City could use sports to enhance itself

June 15, 2004|By BOB PARASILITI

I realized something the other day while getting my eyes examined.You never see anything more clearly than when it's directly in front of your face.

Hagerstown is in mid-exam right as we speak, sitting in the chair with its future staring at it right in the corneas.

This area is growing and it's inevitable. Housing developments are popping up faster than the Baltimore Orioles' batting order and businesses are moving in quicker than the new cast of "Big Brother." Location makes Washington County one of the fastest growing areas, according to one national magazine.

Hagerstown, the city? That's a different story. It continues to be one of the best places to avoid. The downtown might be mistaken for Dodge City if there were a tumbleweed near. Come nightfall, even the ghosts in town head to the suburbs.


Hagerstown needs a jolt. It needs something as a starting point to draw people back to town and something positive and constant to build on. And like it or not, that something might just be the Hagerstown Suns.

The Suns would gladly and willingly take on the job as this city's flag-bearer. After all, the players are billboards, wearing the town's name on their chest for six months of the year. And all they would ask in return is for this area to work with them and recognize them as a business that chooses to be here.

It's been that way for nearly 25 years.

Meanwhile, this rush of population seems to have caught us with our heads in the sand. Many businesses and contractors seemed to get the demographics of the situation long before we did and we are behind in cashing in on our own circumstances.

Let's consider a couple of things:

n Hagerstown is looking for something to become the lightning rod of activity to bring people downtown. For now, the new University System of Maryland at Hagerstown has been chosen to be that focal point.

n An underlying theme for the city in the hospital relocation tug-of-war is the hospital keeps people coming downtown.

n The local visitors board says tourism revenue knocks off about $170 a year in tax burdens for every adult and child living in this county.

It means that Hagerstown needs to find a way to become vital to the people who live here and interesting to the people who visit to survive.

Enter the Suns.

Believe it or not, attendance is up at Municipal Stadium this year. More people are coming to games, be it for fireworks, Thirsty Thursday or for the most novel of reasons - just to watch baseball. And most of all, it's an inexpensive entertainment draw.

That's something this area should embrace and promote.

The city should use the Suns - along with the Hagerstown Speedway, local softball tournaments and other events - to showcase local events and draw out-of-town visitors.

Use the stadium concourse, even in its limited present form, for small festivals, craft shows, job fairs and tourism information to draw people as the starting point to get them to use local shops, hotels and eateries.

If that is effective, it might prove the need for expanding the stadium or building a new one, which could enhance the city if done right. A stadium doesn't mean, "You only play baseball here."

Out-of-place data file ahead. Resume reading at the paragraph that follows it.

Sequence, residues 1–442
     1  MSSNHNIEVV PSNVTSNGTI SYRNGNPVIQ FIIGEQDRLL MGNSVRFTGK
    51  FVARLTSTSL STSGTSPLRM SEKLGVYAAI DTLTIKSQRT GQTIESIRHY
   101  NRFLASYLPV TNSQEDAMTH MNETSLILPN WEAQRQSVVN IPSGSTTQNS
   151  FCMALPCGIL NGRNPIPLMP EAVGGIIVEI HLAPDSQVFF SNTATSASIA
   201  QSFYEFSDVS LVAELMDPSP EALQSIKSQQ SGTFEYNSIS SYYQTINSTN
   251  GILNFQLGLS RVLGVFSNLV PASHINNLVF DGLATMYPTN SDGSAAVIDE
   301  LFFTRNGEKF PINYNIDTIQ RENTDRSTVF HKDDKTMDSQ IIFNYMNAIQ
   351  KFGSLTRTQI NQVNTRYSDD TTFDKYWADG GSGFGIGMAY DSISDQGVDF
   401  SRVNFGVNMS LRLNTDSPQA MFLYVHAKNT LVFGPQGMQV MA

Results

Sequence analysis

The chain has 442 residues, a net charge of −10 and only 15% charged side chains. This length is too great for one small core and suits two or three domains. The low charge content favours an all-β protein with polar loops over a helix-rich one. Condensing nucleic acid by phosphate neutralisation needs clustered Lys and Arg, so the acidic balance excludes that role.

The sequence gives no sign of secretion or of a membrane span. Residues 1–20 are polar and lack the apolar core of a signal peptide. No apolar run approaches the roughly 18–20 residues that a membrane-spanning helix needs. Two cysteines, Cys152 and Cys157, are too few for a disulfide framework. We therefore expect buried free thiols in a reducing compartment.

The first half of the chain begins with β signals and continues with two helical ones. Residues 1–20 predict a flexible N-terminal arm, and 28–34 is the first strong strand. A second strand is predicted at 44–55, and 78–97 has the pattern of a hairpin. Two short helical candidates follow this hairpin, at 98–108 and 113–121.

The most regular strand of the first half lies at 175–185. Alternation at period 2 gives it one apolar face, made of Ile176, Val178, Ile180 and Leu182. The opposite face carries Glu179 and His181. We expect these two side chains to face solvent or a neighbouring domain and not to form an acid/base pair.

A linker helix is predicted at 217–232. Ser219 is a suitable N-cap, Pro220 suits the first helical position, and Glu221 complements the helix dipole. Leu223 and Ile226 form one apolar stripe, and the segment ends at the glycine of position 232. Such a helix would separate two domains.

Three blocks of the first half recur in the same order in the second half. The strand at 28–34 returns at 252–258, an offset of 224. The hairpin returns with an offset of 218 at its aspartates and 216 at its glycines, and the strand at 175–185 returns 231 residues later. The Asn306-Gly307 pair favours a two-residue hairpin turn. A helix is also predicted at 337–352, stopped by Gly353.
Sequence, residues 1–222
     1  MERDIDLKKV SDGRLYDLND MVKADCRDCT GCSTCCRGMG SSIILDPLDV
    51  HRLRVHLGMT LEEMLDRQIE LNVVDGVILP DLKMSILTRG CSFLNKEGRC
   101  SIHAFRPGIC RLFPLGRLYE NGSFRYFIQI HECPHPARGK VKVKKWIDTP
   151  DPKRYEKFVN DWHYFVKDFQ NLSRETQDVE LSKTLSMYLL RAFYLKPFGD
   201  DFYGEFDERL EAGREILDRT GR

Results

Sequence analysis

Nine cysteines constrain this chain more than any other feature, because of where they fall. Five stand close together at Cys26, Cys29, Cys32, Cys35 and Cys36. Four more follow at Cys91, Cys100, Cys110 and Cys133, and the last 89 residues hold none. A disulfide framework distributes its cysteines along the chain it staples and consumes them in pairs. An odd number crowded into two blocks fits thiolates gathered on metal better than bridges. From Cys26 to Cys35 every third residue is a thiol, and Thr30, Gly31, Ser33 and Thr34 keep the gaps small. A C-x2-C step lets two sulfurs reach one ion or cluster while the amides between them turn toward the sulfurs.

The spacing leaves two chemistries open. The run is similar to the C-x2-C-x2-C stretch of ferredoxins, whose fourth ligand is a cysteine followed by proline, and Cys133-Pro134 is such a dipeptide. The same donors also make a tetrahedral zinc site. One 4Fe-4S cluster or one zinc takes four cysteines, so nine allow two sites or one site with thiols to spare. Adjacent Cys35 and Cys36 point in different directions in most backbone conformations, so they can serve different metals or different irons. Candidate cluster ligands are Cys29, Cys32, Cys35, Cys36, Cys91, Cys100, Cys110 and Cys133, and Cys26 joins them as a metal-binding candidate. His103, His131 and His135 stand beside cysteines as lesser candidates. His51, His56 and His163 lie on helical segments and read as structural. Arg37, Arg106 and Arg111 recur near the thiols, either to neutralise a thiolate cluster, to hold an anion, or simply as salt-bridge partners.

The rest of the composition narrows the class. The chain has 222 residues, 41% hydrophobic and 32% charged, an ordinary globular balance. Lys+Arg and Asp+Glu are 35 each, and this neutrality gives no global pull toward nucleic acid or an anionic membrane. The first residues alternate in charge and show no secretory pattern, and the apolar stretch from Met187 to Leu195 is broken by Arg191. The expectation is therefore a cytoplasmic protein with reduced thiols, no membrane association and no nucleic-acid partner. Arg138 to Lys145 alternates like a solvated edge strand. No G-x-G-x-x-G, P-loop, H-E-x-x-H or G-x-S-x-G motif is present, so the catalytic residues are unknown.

If built correctly, it could be a spot to annually hold the Blues Fest, other shows, high school graduations and city functions as a true community center.

From there, plans for an entertainment district also will become more viable. Right now, ballgames and festivals will bring more people downtown and add diversity. Then, symphonies and the arts will keep them here or get them to come back.

"Stadium" has always been a four-letter (plus three) word in this area. Such projects are considered a silly use of tax money, especially when it comes to schools, roads and sewer issues. A lot of opinion revolves around "me" instead of "we" needs - "If it's not something I will use, I don't want any tax money going to it."

But schools, roads, sewers and stadiums are all forms of progress that help an area grow and prosper.

And to prosper, Hagerstown has to get proactive and take a few risks. Its current conservative approach has people, media and government east of South Mountain believing that the state's boundary is South Mountain.

For example, a story in The Washington Post stated there are only four minor league teams in Maryland - Frederick, Aberdeen, Bowie and Delmarva. All have new stadiums (which have been funded by state tax money) and some are asking for and receiving more funding for improvements.

And now, Charles County in Southern Maryland is accelerating plans to finance and build a 4,500-seat stadium to house a minor league baseball team. It's considered a vital quality-of-life issue in a growing area that will use private and public (state) funding to build.

Charles County is using a proactive approach, using a baseball team it doesn't have to strengthen itself. Meanwhile, the longer Hagerstown waits, the further it falls behind.

Hagerstown had better get its eyes checked when it comes to planning for its future. By the time we pull our heads out of the sand, we'll find out that a new house was built right next to where our melons were buried.

Bob Parasiliti is a staff writer for The Herald-Mail. His column appears every other Tuesday. He can be reached at 301-733-5131, ext. 2310, or by e-mail at

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